Nothing can dampen the spirits on the rodeo trail like finding out that one of your closest friends—a 32-year-old wife, breakaway roper and mother to an energetic toddler— got knocked back by a stage IV metastatic breast cancer diagnosis.
That was the call that Beth Papotnik received in fall of 2021 about her friend. Papotnik felt devastated, powerless and unsure of what the future held. How could she get in the truck with her own horses, 7-year-old son Brody, and husband to go compete while her friend was across town fighting for her life?
“She had a very grim diagnosis,” Beth explained. “But it’s improved drastically, thank God. Watching my friend go through this and keep a positive attitude through that diagnosis—I don’t know if I could have handled it like that.”
Not only were doctors’ visits adding up, but time off work for treatments, stress on her friend’s husband and child, the cost of treatments, vitamins and more—it was hitting the family hard. Papotnik decided if she couldn’t control the cancer, she could jump in to help with the financial burden. But she needed some help. She and a few friends— some of whom who would later take seats on the Breakaway From Cancer board—jumped in to help with the organization of a benefit barrel race and breakaway roping at Treharne Training Center in Negley, Ohio. The entire crew and the local rodeo community all pitched in to pull the event off, and Papotnik was inspired by the outcome.
“It was cold and snowing, and we still had a great turnout,” Papotnik said. “The people really rallied around the cause and showed up despite the weather. Seeing the community come together has been amazing. You constantly hear the negative—that society doesn’t care, that they aren’t giving— but I’ve seen the other side.”
Read: Breakaway Ropers are the Heroes Rodeo Needs
Lessons learned from that event led Papotnik, Brian Ralicki, Amy and John Lucsko to begin researching ways to evolve the concept into a full-blown organization. That is how the four friends decided to start Breakaway From Cancer, a 501C3 nonprofit dedicated to helping horse-loving families who are buckling under the financial burden of cancer. Each year, applications can be submitted to the nonprofit. The charity’s board is made up of both local and nationally acclaimed equine industry advocates who want to help. Each year, they will select one family who will be the recipients of their fundraising fruits for the year.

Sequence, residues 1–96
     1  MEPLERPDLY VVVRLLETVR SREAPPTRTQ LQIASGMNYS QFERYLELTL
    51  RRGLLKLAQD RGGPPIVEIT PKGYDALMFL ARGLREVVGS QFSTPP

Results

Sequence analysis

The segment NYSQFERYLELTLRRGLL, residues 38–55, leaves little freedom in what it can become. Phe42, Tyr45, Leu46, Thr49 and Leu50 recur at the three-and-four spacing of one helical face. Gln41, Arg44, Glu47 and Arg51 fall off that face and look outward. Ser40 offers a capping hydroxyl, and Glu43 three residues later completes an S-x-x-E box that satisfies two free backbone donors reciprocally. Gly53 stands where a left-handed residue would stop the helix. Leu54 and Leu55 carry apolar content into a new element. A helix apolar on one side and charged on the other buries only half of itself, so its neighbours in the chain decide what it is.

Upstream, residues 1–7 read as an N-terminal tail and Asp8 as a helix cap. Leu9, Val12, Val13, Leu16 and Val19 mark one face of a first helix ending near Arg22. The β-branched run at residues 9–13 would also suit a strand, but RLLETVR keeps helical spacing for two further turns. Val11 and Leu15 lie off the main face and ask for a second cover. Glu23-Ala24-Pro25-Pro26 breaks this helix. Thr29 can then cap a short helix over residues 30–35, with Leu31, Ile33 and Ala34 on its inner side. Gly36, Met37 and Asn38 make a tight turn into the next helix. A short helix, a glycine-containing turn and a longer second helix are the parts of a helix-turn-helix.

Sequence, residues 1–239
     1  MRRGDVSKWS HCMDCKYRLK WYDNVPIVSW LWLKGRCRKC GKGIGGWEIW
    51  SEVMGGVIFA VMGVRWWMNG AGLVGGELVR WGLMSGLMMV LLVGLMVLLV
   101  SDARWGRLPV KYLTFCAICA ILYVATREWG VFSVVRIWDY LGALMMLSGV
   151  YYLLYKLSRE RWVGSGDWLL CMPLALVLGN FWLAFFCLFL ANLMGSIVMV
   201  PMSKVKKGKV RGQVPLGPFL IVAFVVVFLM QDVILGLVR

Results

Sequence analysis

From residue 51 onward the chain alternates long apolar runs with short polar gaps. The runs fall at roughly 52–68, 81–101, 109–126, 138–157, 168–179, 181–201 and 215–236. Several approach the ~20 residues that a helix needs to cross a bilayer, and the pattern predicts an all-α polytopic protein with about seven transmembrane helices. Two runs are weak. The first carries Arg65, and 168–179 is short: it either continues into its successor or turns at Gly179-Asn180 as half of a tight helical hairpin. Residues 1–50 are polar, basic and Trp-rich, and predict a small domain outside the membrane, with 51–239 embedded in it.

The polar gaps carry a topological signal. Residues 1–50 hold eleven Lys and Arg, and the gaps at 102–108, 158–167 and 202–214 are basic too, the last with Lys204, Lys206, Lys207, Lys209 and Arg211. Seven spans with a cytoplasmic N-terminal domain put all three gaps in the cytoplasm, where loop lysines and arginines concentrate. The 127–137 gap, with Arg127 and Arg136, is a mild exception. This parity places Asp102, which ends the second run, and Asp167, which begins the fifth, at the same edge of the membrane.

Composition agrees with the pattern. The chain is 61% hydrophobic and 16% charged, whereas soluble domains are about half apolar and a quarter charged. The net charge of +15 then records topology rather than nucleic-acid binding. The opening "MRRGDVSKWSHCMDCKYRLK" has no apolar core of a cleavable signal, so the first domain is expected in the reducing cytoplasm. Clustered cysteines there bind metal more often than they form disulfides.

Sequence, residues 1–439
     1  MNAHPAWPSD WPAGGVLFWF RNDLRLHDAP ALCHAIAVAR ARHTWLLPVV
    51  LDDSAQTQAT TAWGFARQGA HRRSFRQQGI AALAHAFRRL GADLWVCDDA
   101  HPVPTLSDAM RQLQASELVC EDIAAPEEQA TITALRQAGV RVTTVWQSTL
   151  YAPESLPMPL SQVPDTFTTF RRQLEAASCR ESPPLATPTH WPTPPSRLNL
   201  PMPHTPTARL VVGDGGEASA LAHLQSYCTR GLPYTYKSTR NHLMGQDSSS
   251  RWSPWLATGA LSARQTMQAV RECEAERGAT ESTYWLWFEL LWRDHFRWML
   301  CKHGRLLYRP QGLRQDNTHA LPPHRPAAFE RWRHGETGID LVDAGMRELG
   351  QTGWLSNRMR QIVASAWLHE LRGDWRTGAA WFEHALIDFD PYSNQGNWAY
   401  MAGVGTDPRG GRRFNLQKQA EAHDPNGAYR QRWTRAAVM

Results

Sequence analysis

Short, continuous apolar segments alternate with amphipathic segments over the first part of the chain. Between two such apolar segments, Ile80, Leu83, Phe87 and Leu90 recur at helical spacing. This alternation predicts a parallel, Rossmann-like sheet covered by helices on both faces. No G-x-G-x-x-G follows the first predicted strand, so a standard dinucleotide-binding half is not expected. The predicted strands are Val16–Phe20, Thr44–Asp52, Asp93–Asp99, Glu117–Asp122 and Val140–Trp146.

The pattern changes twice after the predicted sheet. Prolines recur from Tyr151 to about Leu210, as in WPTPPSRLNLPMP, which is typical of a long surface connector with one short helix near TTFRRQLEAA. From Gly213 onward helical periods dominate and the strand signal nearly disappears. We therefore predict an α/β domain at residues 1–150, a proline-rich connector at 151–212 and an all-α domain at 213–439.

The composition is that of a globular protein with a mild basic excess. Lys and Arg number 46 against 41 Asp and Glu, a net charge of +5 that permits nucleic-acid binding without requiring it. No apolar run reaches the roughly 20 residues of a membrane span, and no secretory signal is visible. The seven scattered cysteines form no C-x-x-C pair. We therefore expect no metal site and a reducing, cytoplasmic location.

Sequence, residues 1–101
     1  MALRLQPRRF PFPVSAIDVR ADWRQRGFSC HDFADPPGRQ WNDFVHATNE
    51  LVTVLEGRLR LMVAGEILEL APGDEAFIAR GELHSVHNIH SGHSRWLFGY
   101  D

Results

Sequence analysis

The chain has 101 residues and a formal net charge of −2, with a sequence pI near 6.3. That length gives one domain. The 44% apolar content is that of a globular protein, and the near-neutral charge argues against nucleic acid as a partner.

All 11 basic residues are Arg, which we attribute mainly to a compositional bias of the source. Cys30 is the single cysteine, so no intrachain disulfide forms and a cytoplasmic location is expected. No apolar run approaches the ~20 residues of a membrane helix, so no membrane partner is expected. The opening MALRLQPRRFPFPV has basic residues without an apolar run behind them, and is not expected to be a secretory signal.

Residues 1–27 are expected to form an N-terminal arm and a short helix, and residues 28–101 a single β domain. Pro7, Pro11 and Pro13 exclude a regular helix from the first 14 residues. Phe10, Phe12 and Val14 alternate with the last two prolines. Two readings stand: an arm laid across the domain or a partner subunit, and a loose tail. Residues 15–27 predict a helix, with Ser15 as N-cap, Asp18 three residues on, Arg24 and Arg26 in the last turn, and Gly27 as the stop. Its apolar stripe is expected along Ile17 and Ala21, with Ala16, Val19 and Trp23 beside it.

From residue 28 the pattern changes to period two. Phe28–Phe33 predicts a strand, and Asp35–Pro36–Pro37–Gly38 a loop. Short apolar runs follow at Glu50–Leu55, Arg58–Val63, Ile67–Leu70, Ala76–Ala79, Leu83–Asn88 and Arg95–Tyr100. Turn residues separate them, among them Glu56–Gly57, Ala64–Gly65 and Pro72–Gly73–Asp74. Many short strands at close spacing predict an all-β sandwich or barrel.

Papotnik isn’t a philanthropy expert—she’s a middle school science teacher with a big heart. She got her start in the Western Pennsylvania Youth Rodeo Association at a young age and has since become one of the most prominent all-around names in the northeast. She has helped many youth and adult women get involved in the sport of breakaway roping and has served as a voice of leadership as the northeastern region as breakaway blooms there. Recently, Papotnik joined the team at BreakawayRoping.com as an ambassador. She hopes to utilize the site to reach her goals in the arena and continue to share the sport of breakaway with other northeastern ropers and aspiring competitors.
Amy Lucsko knows how to handle the financial needs of Breakaway From Cancer needs. She is an accountant with 20 years of experience and worked as the secretary for the WPYRA for 10 years. She helped to establish that organization as a 501C3, so she was a perfect fit as secretary at Breakaway From Cancer. Along with husband John, they raised Jocelyn Phillips, a successful breakaway and barrel racing competitor in Pennsylvania and surrounding states.
Breakaway From Cancer President John Lucsko says his greatest accomplishments are being a husband of 36 years, a father of two, and now a grandfather. He’s humble about the fact that he not only coached daughter Jocelyn to success in the arena, but held treasury positions with the WPYRA and Pennsylvania High School Rodeo Association for a combined 12 years, along with maintaining a successful career in banking.
Brian Ralicki is a long-time Pennsylvania cowboy who has raised four children who had success in the rodeo and cattle showing worlds. Now, Ralicki serves as the Vice President of Breakaway from Cancer when he isn’t running his business, Champion Construction, or tending to his own quarter horses and cattle.
BRJ editor Chelsea Shaffer decided to join Papotnik in her efforts because she believed in the cowgirl as much as the cause.
“When I was growing up in Pennsylvania, Beth was the ultimate cowgirl that I looked up to,” Shaffer said. “We all wanted to be like her. She’s one of the sweetest, most genuine people I’ve ever met and she’s a great competitor who cares about the sport and the people in it. When I was approached to join the Breakaway From Cancer board, I accepted because I believe that her intentions are in the right place and she’s willing to work her butt off—without thanks—to help these families in any way.”
The four behind the organization haven’t walked this journey alone—local rodeo families and competitors have rallied behind the cause and begun sporting their patches, bracelets, breakaway flags and t-shirts to show their support.
At the end of the day, it’s all about the mission for the Breakaway From Cancer crew.
“We are here to ease the financial strain placed on families in the equine community battling cancer,” Papotnik said. “We just want people to know about it—that we’re here. With a nonprofit, you have to have people who believe in you. There’s so many bad apples out there and we know that, but we are just here to help.”
If you want to learn more about Breakaway From Cancer and check out their inventory of breakaway flags and other swag, check out their site here. You can also follow them on Facebook and Instagram @BreakawayFromCancer .